In my current and previous course team roles, I’ve been responsible for courses that attempt to teach psychoanalytic theory to trainee counselling psychologists. The usual means of assessing this is the case report, where the trainee writes up a piece of work where they have attempted to intervene psychoanalytically, or sometimes, a piece of workContinue reading “How to fail your psychodynamic case report”
When I’m supervising doctoral theses, I’m often surprised at the extent to which trainees are unaware of the high quality resources that are around to help. So I’ve put together some of my favourites, but do feel free to let me know any of your favourites that I’ve missed!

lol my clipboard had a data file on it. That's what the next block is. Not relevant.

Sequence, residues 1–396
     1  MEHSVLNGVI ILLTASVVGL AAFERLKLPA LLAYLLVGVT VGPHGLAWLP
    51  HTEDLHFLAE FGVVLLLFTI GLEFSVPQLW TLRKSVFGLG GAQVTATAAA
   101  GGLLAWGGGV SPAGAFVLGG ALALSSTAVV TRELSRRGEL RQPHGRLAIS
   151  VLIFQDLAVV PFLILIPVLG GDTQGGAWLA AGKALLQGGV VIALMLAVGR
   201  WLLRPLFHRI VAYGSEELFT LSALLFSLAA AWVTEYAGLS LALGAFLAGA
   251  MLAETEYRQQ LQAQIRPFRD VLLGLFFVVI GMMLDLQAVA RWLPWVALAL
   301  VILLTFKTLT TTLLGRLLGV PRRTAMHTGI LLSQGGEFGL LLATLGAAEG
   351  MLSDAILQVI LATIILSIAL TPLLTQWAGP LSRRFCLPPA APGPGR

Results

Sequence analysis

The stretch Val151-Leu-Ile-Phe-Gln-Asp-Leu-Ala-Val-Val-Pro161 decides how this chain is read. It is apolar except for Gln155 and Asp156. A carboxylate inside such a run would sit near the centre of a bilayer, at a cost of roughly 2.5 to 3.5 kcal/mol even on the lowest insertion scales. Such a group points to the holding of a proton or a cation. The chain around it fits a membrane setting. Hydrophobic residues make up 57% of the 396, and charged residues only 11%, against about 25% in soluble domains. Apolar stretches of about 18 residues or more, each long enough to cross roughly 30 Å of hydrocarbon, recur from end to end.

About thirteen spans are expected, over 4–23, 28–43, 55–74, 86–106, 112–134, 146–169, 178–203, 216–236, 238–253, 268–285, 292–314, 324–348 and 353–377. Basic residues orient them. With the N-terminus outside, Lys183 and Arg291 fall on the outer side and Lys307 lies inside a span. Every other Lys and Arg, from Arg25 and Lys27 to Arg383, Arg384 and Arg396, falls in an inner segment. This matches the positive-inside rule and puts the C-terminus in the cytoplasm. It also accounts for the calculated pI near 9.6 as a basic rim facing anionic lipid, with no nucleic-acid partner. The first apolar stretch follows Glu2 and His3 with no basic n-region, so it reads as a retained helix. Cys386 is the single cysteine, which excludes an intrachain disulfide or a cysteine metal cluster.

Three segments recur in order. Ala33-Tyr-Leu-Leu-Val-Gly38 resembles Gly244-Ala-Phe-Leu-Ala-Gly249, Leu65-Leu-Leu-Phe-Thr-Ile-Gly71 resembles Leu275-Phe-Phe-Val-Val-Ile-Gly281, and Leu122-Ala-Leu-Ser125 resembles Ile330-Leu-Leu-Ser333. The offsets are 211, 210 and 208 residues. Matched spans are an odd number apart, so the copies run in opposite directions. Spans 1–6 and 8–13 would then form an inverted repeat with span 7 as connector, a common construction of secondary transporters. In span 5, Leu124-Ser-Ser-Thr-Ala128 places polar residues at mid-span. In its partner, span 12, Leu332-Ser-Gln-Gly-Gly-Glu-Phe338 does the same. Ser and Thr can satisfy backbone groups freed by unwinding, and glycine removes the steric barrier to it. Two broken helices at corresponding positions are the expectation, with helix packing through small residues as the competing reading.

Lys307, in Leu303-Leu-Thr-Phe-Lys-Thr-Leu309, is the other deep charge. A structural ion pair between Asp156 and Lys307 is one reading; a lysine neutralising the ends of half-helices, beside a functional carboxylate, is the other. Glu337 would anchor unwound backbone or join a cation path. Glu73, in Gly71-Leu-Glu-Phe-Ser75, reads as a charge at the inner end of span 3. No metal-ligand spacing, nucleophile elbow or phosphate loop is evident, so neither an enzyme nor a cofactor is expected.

Ah, the process report. No one escapes counselling psychology training without turning out at least a couple, and quite right too, for the process report demonstrates oodles of developing competencies. Make sure your knickers are clean, because this kind of assessment shows everything: whether you understand theory, whether you can apply it in practice, whetherContinue reading “The Forgotten Bridge in process reports”
or Ruling the bends: authorising ourselves to practice In this post, guest writer Emily Brookes, and Dr Russel Ayling discuss Emily’s experience of ‘bending the rules’, and Russel’s re-thinking of this idea: understanding our bentness, perhaps, or rather, ‘ruling our bends’. The more I have talked to my psychology friends the more I have comeContinue reading “Bending the rules: the secrets I rarely confess”